No Longer Human

by Osamu Dazai

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Critical Context

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No Longer Human is Dazai’s last and most important book. It is regarded as the most outstanding example of Japanese autobiographical fiction, or shishosetsu (“I novel”). A concern for the author and his or her personal revelations has a long history in Japan, going back to the female diary literature of the 800’s and 900’s. The “I novel” itself, which appeared in the 1920’s, was not only a recounting of events in the author’s life but also a merciless expose in the style of a confession, with the emphasis on fact, not fiction or art. Dazai took this form and stretched it by placing far more emphasis on art. He suppressed some facts of his life, rearranged others, and paid far more attention to the demands of narrative than did previous “I novel” writers.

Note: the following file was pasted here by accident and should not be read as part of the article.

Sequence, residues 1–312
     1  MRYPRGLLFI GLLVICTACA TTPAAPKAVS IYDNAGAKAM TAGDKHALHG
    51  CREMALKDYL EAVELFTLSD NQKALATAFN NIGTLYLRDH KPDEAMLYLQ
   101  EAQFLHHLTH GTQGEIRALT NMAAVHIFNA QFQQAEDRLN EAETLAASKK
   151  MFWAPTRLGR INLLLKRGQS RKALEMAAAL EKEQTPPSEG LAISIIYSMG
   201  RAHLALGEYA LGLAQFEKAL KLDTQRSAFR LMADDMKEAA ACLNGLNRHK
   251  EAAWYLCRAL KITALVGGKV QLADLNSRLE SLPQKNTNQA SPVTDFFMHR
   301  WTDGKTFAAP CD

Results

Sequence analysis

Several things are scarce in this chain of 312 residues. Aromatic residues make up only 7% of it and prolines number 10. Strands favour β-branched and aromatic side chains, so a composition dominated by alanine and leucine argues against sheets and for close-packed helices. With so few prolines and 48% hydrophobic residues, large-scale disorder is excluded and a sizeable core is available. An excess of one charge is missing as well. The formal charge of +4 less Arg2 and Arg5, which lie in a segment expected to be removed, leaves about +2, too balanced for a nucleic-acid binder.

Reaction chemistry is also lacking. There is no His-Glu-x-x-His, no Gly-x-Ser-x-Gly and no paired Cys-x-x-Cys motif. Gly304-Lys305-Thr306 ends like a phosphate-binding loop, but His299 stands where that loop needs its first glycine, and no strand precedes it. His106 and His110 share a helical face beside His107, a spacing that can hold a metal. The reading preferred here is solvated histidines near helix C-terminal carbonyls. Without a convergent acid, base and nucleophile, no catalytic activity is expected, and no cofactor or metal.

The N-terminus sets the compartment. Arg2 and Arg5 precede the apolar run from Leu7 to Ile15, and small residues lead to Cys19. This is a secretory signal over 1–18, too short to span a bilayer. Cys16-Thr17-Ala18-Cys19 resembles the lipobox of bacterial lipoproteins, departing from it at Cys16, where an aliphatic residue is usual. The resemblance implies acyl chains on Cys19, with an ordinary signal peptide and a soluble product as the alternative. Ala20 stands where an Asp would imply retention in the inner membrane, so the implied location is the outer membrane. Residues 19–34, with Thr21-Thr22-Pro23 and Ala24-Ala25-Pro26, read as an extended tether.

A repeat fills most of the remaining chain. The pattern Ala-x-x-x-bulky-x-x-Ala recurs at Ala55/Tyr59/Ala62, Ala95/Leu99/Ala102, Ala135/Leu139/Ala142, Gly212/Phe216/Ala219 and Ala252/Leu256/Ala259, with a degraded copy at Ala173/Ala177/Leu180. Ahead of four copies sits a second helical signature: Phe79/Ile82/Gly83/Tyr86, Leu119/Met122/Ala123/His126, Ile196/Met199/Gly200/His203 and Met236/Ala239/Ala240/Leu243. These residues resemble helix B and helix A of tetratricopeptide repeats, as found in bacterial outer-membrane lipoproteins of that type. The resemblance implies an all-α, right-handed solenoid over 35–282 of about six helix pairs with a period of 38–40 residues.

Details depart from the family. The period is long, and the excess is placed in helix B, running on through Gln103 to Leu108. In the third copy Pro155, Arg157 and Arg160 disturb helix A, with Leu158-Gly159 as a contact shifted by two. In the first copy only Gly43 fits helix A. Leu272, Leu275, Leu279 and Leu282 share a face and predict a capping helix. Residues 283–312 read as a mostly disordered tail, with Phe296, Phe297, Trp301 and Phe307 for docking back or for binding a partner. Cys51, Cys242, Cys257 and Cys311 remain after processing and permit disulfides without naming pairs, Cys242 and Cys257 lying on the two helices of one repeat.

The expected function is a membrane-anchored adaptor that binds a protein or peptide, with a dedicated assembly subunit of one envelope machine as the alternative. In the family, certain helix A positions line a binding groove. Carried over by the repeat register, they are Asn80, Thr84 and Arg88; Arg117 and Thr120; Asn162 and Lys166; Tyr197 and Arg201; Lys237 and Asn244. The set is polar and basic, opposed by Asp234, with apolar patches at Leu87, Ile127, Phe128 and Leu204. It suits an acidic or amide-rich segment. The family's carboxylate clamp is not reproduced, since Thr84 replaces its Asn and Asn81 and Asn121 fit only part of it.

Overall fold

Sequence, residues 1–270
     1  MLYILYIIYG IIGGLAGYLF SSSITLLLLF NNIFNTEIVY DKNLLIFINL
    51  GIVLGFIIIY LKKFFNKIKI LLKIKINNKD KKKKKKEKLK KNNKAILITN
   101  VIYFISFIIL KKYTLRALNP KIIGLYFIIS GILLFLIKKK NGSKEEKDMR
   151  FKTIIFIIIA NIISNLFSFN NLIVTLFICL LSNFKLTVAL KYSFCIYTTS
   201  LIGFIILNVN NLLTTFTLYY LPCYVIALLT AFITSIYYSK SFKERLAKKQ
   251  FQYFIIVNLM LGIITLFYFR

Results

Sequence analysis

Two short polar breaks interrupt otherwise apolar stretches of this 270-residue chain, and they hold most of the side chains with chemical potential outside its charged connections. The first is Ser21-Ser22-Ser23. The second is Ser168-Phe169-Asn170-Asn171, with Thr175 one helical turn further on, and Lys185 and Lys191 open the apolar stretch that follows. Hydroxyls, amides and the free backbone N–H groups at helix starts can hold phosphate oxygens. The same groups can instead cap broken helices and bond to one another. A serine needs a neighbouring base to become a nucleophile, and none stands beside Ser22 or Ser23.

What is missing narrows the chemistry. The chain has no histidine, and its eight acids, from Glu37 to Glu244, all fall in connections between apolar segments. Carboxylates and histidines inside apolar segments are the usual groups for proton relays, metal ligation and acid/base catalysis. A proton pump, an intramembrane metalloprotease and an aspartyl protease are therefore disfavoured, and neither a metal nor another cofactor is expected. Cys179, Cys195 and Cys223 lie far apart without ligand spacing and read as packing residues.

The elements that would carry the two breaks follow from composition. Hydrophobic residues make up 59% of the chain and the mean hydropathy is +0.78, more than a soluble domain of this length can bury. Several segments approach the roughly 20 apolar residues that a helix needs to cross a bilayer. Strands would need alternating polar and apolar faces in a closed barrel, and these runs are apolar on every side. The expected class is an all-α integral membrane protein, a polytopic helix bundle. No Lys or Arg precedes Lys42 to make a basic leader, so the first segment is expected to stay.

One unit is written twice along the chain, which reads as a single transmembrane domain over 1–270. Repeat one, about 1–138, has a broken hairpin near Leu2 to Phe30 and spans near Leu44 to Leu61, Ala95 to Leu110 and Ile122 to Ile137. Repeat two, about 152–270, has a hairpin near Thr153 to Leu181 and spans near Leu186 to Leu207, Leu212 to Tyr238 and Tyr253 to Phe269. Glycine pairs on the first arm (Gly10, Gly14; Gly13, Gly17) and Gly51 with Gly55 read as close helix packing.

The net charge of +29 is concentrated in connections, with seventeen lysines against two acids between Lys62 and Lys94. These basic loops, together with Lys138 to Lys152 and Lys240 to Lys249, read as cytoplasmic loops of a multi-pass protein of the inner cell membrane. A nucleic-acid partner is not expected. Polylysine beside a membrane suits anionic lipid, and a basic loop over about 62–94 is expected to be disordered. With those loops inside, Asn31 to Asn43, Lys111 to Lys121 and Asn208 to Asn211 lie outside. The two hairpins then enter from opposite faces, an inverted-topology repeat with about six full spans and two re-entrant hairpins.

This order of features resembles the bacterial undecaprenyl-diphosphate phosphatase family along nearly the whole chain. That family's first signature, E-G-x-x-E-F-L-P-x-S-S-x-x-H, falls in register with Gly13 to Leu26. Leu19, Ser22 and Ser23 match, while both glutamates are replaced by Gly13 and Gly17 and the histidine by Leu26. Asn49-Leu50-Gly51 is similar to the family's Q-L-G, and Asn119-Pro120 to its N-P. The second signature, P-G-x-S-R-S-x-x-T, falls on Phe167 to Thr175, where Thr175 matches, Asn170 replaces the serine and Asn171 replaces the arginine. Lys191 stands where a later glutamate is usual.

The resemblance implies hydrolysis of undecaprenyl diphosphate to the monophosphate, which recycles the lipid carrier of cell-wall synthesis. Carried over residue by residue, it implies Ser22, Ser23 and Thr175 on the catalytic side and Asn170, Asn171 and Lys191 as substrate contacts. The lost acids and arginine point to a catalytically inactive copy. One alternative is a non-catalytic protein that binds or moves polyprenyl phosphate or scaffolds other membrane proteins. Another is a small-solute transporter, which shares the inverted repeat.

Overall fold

In the 1940’s and after his death in the 1950’s, Dazai was the most popular writer in Japan, especially among younger people. First with The Setting Sun and then with No Longer Human, he chronicled Japan’s postwar atmosphere of degradation, despair, and nihilism, especially among those who had lost their money and their place in society. A new term entered the Japanese language based on Dazai’s fiction, the “setting sun tribe,” describing those people who scarcely felt human.

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